In 2008, the online category increased 15.1%, a shift mainly credited to the shift in ad dollars from magazines to online channels. Magazines have been declining in revenue over the past few years, showing an 8.4% annual decline in 2008.

“Advertising dollars continued shifting from print vehicles to online outlets, as magazine net ad revenue declined,” said Richard Mead, Managing Director at Jordan, Edmiston.

Where are most B2Bs putting their money? In online display and search advertising.

Online display and search advertising account for more than 50% of total online revenue and gained more than 12% year-over-year in 2008.

They’re talking about you, like it or not

I ran across some great advice today at the B2B Marketing Blog that needed to be passed along. In today’s post, Brian Courtney delivers some wise words:

“People will be talking about your brand with or without you. You may as well take part in the conversation.”

And he warns that there’s a new type of ROI out there – the Risk Of Ignoring.

Even if you thing you’re doing it wrong, just being a part of social media is the right way to go.

Read the full B2B Marketing Blog post.

Taking direct marketing back to the future

While many marketers continue their search for the next-best, latest-and-greatest media tactic to get the word out about their product or service, others are holding their ground and staying true to traditional methods.

Direct marketing is making a comeback and now considered the “new black” in the marketing world, despite the opportunity new marketing methods like social media may bring to the table.

In a recent column at BtoB Magazine, Scott Hornstein, president of marketing, Hornstein Associates, and CMO, Wired Assets Data Corp., shares his expert insight as to why you should be putting what’s left of your budget into direct marketing.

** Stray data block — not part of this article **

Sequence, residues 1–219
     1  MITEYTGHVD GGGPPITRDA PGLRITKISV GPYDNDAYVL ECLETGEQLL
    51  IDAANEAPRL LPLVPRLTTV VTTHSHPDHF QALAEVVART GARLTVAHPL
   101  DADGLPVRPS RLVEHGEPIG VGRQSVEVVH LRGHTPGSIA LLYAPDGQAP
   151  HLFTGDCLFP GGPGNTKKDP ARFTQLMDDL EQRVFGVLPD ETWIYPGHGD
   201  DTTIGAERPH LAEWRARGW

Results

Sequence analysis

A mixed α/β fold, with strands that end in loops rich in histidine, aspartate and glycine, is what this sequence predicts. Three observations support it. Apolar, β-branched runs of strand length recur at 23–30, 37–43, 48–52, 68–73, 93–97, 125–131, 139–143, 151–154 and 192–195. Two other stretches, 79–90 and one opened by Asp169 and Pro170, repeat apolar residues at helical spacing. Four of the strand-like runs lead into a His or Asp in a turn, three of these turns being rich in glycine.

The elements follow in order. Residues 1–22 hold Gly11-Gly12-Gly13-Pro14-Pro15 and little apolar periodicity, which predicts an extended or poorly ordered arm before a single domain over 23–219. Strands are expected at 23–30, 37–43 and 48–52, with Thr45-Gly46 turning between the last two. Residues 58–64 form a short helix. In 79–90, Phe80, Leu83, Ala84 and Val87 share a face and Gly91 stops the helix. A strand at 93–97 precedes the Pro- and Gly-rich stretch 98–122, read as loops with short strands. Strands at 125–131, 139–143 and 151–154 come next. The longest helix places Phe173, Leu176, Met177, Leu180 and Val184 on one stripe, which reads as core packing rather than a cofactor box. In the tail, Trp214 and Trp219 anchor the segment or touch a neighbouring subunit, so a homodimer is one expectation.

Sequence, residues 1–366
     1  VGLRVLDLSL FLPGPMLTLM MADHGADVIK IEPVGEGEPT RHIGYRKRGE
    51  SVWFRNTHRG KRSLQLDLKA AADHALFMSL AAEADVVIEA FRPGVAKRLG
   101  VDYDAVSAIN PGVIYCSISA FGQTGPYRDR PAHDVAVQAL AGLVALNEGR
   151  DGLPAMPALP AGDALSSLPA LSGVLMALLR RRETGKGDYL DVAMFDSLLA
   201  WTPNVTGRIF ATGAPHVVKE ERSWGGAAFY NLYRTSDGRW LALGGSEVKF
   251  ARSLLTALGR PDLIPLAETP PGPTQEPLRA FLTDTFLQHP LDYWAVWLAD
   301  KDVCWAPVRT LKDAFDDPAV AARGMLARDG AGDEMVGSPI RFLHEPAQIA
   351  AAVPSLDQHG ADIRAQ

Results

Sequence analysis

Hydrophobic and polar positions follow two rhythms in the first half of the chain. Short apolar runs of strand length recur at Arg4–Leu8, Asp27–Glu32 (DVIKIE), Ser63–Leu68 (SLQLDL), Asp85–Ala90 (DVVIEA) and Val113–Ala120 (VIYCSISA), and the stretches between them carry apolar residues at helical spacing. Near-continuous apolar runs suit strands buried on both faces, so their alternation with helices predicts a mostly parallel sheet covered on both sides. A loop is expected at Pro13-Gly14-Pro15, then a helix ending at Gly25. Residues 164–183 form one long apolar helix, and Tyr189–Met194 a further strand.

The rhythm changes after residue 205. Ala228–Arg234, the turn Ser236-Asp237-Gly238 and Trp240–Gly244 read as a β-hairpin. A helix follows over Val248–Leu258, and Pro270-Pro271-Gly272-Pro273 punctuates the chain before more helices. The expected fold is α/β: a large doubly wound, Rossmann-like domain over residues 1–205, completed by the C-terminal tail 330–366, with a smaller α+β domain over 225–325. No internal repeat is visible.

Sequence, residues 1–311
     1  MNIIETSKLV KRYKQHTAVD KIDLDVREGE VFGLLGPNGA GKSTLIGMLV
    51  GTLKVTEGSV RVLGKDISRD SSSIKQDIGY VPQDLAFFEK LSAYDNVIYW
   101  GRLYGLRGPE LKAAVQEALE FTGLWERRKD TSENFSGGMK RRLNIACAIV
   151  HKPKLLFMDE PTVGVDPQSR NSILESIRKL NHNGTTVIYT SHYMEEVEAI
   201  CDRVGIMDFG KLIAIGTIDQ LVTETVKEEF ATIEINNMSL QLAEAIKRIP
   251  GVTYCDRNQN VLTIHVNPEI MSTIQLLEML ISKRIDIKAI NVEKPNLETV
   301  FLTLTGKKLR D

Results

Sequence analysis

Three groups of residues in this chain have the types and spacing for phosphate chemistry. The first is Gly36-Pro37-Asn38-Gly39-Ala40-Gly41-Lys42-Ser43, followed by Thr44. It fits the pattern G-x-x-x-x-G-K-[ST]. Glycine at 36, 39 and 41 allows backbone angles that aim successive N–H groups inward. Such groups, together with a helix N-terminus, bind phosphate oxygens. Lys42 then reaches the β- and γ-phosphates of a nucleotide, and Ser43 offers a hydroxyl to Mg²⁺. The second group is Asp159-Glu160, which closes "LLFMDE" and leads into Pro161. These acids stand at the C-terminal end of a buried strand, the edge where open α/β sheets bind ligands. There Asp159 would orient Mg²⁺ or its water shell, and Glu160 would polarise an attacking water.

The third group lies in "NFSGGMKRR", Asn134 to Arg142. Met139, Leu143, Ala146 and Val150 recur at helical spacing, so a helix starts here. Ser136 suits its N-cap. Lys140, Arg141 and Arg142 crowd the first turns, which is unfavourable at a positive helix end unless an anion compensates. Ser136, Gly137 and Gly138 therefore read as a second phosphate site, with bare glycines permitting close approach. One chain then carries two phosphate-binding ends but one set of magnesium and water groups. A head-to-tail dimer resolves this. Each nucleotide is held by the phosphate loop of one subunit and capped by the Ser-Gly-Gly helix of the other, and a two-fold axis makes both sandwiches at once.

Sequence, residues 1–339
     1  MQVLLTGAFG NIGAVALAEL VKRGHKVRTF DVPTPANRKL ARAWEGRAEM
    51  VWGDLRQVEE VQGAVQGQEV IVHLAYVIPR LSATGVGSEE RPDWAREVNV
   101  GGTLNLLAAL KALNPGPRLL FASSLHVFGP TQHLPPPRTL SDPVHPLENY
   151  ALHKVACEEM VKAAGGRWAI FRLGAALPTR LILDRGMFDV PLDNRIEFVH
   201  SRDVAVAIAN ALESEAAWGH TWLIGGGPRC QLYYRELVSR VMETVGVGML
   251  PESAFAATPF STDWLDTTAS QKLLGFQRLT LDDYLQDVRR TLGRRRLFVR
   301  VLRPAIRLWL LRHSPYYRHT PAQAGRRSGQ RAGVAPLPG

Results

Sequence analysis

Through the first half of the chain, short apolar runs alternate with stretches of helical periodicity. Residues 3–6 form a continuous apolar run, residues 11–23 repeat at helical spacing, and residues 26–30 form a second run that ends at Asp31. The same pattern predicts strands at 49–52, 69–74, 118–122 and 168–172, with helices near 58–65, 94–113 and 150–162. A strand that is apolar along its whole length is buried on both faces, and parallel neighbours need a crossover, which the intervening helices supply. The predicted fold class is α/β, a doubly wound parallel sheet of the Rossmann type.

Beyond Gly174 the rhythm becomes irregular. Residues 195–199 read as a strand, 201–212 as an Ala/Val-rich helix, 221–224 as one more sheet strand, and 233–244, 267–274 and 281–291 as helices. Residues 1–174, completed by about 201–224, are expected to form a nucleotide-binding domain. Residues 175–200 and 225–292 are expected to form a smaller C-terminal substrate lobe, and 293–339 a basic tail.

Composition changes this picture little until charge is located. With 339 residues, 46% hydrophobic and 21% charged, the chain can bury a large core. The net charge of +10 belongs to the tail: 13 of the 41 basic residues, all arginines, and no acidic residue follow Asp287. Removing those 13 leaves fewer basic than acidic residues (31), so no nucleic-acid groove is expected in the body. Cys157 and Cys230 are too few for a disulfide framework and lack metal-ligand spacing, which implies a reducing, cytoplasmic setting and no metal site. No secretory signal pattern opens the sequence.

“These are the times that try marketers’ souls. On the other hand, this is not the time to hide or be timid. It is the time to be effective, and to redeploy the majority of what’s left of your marketing budget into direct marketing for one very good reason: The strategy is, at its core, measurable and ROI-driven.”

He says there are six critical factors that will lead to direct marketing success:

  1. Integrating direct marketing into your overall media mix. Your customers don’t all hang out in the same place, so reinforce your message across a variety of media tools.
  2. Integrating a healthy dose of customer care. “Our carefully crafted brands can be blown up in three minutes of poor customer care.”
  3. Invest in database quality. The success of your marketing is only as good as your list.
  4. Account for everything, but report only key metrics. Pay attention to what matters most.
  5. Measure performance and set aggressive standards. “Each direct marketing effort should achieve at least a 10% response rate.”
  6. Measure the expense to revenue ratio. If it’s over 25% you’re spending too much, go back and fix your process.

What do you think? Should we take another look at the tried-and-true marketing methods like direct marketing because they are so measurable and ROI-driven? Are economic tough times forcing your organization to trend this way?

Please leave a comment and let us know.

B2B buying behaviors, more irrational than we thought

If you’ve ever been searching for research on business-to-business buying behaviors, it can seem like you’re stuck in a maze full of an overwhelming amount of information on consumers around each turn.

To ease our frustration, Marketo and Enquiro Research teamed up to perform some research of their own to discover exactly how businesses make complex purchases.

Yesterday, Jon Miller shared some initial findings from their research at the Marketo blog. Here are a few highlights:

Despite popular belief, business buying is not rational. B2B buyers are self-taught and use a trial-and-error process in their decision making, helping to simplify complex decisions. Instead of dealing with just one irrational decision maker, marketers must deal with an entire group of irrational decision makers, making the buying process that much more complex.

Emotions play a big role. After a purchase, a B2B buyer may not experience the full benefit of their purchase directly or may not be recognized for making the decision and making a poor decision can put that buyer’s job security at risk. Fear drives most B2B buying decisions. “B2B buying is all about minimizing fear by minimizing risk.”

So, it turns out that what we once thought was a strictly linear buying funnel is actually a buying process that may not be logical or rational at times.

Check out the full post for even more great information, including Enquiro’s advice for managing B2B buyer’s perceived risk.